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State and National Leaders Must Do More to Promote Economic Security and Opportunity

New Census figures released today show that millions of people in California continue to struggle to get by on extremely low incomes in spite of our state’s recent economic gains. More than 5.5 million Californians, including almost 1.8 million children, lived in poverty in 2016 based on the official poverty measure. In addition, poverty remained more widespread last year than it was in 2007 when the national recession began. Specifically, 14.3 percent of Californians had incomes below the official poverty line in 2016, down from a recent high of 17.0 percent in 2012, but still well above the state poverty rate in 2007 (12.4 percent). Also, roughly 1 in 5 California children lived in poverty last year (19.9 percent), down from a recent high of 23.8 percent in 2012, but still well above the child poverty rate in 2007 (17.3 percent).

The latest Census figures also show that there are stark differences in people’s economic well-being across California’s counties. The 2016 official poverty rate ranged from a low of 6.5 percent to a high of 25.6 percent across the counties, while the official child poverty rate ranged from 5.2 percent to 37.9 percent. More than 1 in 5 people lived in poverty in nine counties, most of which are in the Central Valley (see Map 1). Additionally, more than 1 in 5 children lived in poverty in 16 counties, including six counties — again, most in the Central Valley — where over 30 percent of children were in poverty (see Map 2).

Map 1

Map 2

Download the data for the maps above.

Although the Census figures published today show that poverty remains high, they understate the extent of hardship in California because they reflect an outdated measure of poverty. Census figures released earlier this week based on an improved measure — the Supplemental Poverty Measure (SPM) — which accounts for the high cost of housing in many parts of the state, show that roughly 8 million Californians per year, 1 in 5 state residents (20.4 percent), could not adequately support themselves and their families between 2014 and 2016. Under this more accurate measure of hardship, California continues to have the highest poverty rate of the 50 states.

The new Census poverty figures underscore the need for state and national leaders to do more to ensure that all people can share in our state’s economic progress. Specifically, policymakers should:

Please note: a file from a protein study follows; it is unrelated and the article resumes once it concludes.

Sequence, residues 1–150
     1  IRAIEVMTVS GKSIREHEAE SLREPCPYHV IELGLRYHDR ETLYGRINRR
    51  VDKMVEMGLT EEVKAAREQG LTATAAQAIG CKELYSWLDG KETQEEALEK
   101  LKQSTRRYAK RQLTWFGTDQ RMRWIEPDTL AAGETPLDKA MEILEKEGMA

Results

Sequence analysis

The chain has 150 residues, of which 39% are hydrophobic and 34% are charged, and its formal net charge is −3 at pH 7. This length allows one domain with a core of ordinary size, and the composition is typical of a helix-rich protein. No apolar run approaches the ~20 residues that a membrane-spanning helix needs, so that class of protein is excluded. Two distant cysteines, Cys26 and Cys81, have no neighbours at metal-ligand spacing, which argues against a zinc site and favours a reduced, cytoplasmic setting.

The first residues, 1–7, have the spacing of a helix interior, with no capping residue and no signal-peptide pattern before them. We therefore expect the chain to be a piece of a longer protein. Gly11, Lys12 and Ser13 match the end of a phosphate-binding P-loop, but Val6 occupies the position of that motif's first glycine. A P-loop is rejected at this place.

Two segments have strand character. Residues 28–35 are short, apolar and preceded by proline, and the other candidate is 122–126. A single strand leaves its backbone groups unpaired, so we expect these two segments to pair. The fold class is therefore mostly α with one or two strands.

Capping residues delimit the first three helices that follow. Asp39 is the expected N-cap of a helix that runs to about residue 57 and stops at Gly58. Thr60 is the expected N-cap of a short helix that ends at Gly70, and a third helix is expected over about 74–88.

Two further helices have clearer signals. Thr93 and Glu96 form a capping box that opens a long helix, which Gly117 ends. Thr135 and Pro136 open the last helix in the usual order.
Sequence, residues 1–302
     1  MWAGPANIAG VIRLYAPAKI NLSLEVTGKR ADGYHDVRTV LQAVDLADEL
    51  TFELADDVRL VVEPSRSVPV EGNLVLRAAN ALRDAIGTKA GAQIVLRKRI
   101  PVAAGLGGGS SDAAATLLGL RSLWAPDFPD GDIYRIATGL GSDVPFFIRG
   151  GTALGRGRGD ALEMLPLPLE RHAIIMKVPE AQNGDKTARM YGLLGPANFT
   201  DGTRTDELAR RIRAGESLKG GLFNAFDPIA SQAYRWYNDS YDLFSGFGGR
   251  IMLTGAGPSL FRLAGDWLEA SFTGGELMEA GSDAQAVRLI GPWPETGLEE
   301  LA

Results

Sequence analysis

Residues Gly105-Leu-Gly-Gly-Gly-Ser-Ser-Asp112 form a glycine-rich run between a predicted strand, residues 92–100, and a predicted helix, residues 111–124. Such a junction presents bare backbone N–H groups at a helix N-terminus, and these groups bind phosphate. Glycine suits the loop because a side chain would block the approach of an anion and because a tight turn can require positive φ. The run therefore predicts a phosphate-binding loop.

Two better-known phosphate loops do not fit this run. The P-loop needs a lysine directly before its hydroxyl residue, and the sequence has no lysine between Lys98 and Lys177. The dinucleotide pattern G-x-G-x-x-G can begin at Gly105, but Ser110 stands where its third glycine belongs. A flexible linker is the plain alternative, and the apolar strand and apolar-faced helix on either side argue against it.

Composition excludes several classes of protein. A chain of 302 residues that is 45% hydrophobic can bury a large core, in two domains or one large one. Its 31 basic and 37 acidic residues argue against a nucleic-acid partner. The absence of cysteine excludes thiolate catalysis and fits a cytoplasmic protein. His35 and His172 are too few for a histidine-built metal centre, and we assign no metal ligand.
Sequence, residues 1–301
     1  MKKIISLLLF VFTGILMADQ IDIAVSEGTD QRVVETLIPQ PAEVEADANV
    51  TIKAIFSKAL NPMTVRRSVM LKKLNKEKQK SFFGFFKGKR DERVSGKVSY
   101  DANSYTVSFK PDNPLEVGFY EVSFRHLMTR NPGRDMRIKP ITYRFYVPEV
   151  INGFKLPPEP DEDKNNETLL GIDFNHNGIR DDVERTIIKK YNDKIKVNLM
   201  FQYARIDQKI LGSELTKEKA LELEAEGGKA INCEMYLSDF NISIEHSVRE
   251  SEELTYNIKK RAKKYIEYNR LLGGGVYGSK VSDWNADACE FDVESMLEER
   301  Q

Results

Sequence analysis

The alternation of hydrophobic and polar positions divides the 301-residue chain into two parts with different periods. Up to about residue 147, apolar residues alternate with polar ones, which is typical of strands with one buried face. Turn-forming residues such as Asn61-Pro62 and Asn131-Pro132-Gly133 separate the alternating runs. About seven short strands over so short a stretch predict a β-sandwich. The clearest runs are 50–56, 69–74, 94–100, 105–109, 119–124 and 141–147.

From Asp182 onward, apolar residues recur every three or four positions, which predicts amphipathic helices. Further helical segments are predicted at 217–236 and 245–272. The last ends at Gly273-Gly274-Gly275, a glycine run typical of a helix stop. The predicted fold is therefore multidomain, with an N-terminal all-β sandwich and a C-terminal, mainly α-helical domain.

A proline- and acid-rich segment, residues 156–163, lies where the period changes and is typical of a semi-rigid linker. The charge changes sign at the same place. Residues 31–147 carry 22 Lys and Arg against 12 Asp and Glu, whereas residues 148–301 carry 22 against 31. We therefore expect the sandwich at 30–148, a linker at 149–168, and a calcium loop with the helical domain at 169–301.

• Reject steep cuts to economic security programs that help families make ends meet and get ahead. A majority of adults will experience economic hardship for at least one year during their prime working years, and nearly half will turn to a major public support, such as SNAP food assistance (CalFresh in California), to get back on their feet. These supports not only lift millions of Californians out of poverty each year, but also help children succeed over the long-term, according to research. Yet federal policymakers have proposed slashing critical supports that promote economic security and opportunity. If enacted, these cuts would drive California’s already high poverty rate even higher and threaten the future of our state’s children. People in communities all throughout the state would likely be harmed.
  • Help families afford decent housing. With housing costs far outpacing many families’ earnings in recent years, it has become increasingly challenging for people with low incomes to keep a roof over their heads. Over half of California renters are housing “cost-burdened,” meaning that they pay more than 30 percent of their income toward housing, and nearly 30 percent are severely housing cost-burdened, spending over half of their income on housing. Since housing costs are most families’ biggest expense, addressing the housing affordability crisis is key to broadening economic security in California. The Legislature is considering a package of bills that would take important first steps toward addressing this crisis through policies that are designed to increase housing supply, including production of affordable units. Given the large scale of the housing crisis, additional strategies outside of the housing arena will also continue to be critical to help families with low incomes pay for basic necessities like housing.
  • Make sure workers earn enough to support themselves and their families. Most families in poverty work, which means that low pay and not enough work hours are key barriers to economic security and opportunity. California has recently made important strides to bolster workers’ economic well-being. For example, the state last year committed to gradually raise the state’s minimum wage to $15 per hour by 2023, and the lowest-paid workers in our state have already seen their hourly earnings increase significantly. California also created and then subsequently expanded the California Earned Income Tax Credit (CalEITC) — a refundable state tax credit that helps low-earning workers pay for basic necessities. Policymakers could build on this progress by increasing the size of the CalEITC and making sure that workers get the full benefit of the rising minimum wage by instituting practices that help part-time workers access additional work hours.

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